Newspaper articles often bare witness to family members caught up significant moments in history. The Buck Coal Mine disaster fueled a growing concern for the safety of workers in a newly industrialized country. Calvin Harrison Croy and all of his sons worked in the coalmines that proliferated at the height of the Industrial Revolution. Regulation was a word unknown during those early days and three of his sons died in work related accidents, one in a railroad accident and two in coal mining incidents. His son Justus Croy, my grandfather, was to die of Black Lung, a common coal related illness of the time, but, as this article shows, he and these early workers regularly came close to disaster. Ironically, my father remembered Justus, as a mine foreman, warding off unionizers at gunpoint and then later challenging a bank official with gun in hand to get payroll for his workers. Obviously, the union efforts of the time were a matter of life and death. One of my dad’s favorite songs was Tennessee Ernie Ford singing, “Saint Peter don’t you call me ‘cause I can’t go. I owe my soul to the company store.”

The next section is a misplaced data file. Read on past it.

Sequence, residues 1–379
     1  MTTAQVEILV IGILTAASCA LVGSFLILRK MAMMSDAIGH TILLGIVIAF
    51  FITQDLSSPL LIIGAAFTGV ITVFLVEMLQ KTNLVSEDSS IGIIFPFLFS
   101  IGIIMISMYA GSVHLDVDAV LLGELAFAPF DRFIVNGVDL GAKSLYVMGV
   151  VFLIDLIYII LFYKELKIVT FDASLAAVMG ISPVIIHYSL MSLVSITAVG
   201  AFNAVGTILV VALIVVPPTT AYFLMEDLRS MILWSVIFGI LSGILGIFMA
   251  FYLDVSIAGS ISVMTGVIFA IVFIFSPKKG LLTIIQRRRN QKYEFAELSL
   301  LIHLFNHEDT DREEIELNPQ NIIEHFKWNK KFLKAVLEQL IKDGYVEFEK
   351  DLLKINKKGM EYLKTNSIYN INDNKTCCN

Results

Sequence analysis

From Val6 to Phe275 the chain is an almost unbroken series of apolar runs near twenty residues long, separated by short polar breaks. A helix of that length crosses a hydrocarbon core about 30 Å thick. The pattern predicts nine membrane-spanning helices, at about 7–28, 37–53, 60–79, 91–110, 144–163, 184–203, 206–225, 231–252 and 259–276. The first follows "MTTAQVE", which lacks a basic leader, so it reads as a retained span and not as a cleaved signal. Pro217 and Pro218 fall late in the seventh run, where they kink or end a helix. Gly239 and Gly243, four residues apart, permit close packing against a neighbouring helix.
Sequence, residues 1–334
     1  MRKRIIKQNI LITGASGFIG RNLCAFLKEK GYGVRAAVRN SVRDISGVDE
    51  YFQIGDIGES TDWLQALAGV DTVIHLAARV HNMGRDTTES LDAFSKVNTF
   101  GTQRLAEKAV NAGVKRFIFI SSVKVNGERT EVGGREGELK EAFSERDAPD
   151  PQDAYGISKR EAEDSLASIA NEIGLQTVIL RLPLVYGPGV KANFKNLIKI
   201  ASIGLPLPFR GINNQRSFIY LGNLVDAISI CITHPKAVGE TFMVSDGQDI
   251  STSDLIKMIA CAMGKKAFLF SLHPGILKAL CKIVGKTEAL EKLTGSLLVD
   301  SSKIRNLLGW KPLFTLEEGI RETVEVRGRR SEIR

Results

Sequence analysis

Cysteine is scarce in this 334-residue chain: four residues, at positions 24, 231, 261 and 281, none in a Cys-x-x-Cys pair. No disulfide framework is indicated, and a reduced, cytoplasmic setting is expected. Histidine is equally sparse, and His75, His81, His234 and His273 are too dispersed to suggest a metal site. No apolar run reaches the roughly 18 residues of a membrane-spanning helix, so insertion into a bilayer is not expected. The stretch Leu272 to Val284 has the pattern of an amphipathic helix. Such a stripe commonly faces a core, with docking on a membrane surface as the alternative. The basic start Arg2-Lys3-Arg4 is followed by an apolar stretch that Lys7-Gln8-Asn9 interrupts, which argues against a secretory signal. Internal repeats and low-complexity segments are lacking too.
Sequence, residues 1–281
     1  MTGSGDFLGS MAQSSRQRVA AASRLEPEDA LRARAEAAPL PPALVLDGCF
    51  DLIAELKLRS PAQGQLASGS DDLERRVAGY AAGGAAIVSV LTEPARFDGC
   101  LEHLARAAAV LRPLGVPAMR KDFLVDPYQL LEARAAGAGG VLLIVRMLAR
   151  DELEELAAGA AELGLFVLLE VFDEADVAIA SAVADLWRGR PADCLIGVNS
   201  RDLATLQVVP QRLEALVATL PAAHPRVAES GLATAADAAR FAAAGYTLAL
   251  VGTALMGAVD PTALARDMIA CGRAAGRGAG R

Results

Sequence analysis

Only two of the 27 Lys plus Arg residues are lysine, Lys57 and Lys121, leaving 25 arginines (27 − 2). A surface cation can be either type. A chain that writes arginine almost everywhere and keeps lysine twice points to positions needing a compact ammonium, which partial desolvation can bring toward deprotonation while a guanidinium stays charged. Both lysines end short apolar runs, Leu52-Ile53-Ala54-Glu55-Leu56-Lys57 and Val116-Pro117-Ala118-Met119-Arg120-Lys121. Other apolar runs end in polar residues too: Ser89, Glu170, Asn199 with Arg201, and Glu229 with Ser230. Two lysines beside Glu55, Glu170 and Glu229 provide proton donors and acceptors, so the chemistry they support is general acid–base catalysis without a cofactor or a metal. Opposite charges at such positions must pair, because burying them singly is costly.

Tag Archives: Justus Croy
Exuding working class strength, Justus Croy, Mary Elizabeth (Mollie) Ison Croy and Ralph Croy gaze directly into the camera. Many photographs exist of Justus Croy as a young man, but this picture provides a window into his world as an older man at the height of the depression. A best guess for the date of the photo is 1935 to 1940. Justus Croy died of Black Lung on December 13, 1940 in Rock Springs, Wyoming at the age of 61.
I rediscovered this photograph of Justus Croy, my grandfather, in a box of family items. Note that the studio was in Indian Territory thus placing it between about 1898 when the family first came to the territory, and 1902, when Oklahoma became a state.